Watch Nancy Chuda’s interview with costume designer Vincensia DiIorio as she shares her handmade memories of her life in Pizzone, Italy. All of the incredible ingredients we treasure, homemade pasta, sauce, olive oil she made lovingly while instilling the benefits of organically grown, pure and unadulterated.
Today, as consumers, we purchase our pasta in cellophane wrapped packages or boxes. Some have decorative designs making us think that the pasta was flown in from Italy freshly made by hand.
There is nothing more satisfying then the taste of a handmade ravioli. Stuffed with fresh ricotta cheese and spinach, or goat cheese smothered in a fresh sauce made from homegrown, roma or prized heirloom tomatoes.
Pasta is one of the world’s most popular foods and comes in hundreds of different shapes, varieties and with dozens of different ingredients.
The tradition of making pasta is timeless throughout the world. Almost every country has identified a noodle in part of their customary culinary cuisine . But the Italians, hands down have the most varieties. Spaghetti (coming from the Italian, spago which means cord) is the most popular variety … and is long thin noodles that come in a variety of thickness and goes well with all traditional sauces. Capellini or angel hair pasta is the thinnest pasta of all and takes barely one to two minutes to cook; goes well with very light sauces or the classic basil, olive oil and crush fresh tomatoes.
Linguine (little tongues) are flat noodles commonly served with clam sauce, but can go well with heavier meatier sauces. Thin spaghetti is slightly thinner than traditional spaghetti but not as thin as capellini. Vermicelli (little worms) is similar to thin spaghetti, and sometimes come in nests of dried pasta or can be straight. Fettuccine (small ribbons) are similar to Rotini but usually longer. Cannelloni are very large hollows, usually three or four inches long and excellent for stuffing with cheese or meat then served with a sauce. Farfalle (butterfly) is sometimes called bowties that they also look like. Thick, substantial pasta that goes well with grains, in cold salads with vegetables, and with thick cooked sauces. Penne (quills) are short tubes, usually with slanted ends, that are excellent for heavy sauces.Radiatore are almost square but have all kinds of little holes surrounding them to give diners a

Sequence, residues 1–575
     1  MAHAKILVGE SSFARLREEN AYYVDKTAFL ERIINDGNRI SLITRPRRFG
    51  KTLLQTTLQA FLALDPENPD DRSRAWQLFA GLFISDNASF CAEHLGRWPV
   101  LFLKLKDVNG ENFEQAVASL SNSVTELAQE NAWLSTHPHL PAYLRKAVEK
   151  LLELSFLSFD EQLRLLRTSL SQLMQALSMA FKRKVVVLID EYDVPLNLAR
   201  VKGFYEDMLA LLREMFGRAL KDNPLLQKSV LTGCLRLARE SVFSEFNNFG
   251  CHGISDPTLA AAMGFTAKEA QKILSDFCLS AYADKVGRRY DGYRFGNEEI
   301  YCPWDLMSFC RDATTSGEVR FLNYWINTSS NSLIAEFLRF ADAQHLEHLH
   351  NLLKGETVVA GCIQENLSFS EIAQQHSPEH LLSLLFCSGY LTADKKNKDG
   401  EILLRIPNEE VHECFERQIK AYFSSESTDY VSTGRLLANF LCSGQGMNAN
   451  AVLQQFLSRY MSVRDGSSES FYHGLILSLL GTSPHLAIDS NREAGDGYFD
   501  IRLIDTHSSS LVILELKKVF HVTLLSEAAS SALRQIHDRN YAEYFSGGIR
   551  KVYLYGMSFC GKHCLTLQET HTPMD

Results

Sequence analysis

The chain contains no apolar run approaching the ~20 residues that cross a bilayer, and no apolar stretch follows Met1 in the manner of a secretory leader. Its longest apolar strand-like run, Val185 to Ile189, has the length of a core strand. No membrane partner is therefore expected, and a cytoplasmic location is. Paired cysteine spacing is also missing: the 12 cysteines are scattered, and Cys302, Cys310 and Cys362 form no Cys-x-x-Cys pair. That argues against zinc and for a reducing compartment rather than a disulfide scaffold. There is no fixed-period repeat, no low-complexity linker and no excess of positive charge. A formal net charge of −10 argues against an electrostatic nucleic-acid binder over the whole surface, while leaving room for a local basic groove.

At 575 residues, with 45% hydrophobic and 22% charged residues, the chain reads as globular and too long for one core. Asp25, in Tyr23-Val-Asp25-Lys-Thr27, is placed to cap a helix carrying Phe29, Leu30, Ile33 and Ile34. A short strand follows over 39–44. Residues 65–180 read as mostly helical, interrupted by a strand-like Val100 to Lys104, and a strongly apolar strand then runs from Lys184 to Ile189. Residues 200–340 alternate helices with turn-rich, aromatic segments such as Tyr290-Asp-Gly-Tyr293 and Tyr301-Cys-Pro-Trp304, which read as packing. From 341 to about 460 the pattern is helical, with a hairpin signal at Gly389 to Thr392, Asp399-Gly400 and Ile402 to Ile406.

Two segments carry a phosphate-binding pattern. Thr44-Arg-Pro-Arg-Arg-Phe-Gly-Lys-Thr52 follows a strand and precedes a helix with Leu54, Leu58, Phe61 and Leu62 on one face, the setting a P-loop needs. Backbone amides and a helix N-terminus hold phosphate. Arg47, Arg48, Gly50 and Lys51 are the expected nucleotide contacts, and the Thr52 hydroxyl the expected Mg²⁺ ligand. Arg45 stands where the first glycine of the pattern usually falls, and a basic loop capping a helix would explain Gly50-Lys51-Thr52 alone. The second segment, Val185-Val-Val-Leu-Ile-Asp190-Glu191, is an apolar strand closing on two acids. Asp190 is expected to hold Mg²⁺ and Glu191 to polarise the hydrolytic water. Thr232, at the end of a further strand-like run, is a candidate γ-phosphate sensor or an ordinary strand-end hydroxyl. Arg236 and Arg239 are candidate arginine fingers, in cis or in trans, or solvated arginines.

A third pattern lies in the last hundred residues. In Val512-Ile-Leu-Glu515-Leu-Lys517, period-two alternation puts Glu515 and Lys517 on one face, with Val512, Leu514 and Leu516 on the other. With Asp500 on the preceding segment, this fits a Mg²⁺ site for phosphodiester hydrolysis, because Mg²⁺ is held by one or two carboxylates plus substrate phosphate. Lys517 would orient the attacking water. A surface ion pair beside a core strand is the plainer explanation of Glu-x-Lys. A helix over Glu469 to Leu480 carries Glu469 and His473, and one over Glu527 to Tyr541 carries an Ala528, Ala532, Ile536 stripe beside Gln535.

good bite of sauce-soaked pasta. Excellent for smooth sauces. Rigatoni (furrows) is a smaller hollow with ridged lines on it and good for stuffing with meat or cheese or served with heavy sauces. Rotini are ribbons of pasta, and fusuli are little spirals of pasta, each about two inches long, and good in both cold salads and with hot sauces that can coat the ridges.Shells (conchigilie) come in small, medium and large and are perfect to “catch” thick hearty sauces.Tubes are hollow noodles that are excellent for “capturing” thick sauces and adding a complexity to the dish.
But making pasta by hand was a blank canvass to artist Vincensia DiIorio who is also a painter. She describes the details of her life raising her family in the small southern town of Pizzone Italy.
WATCH: Ravioli Made by Hand with Vincensia DiIorio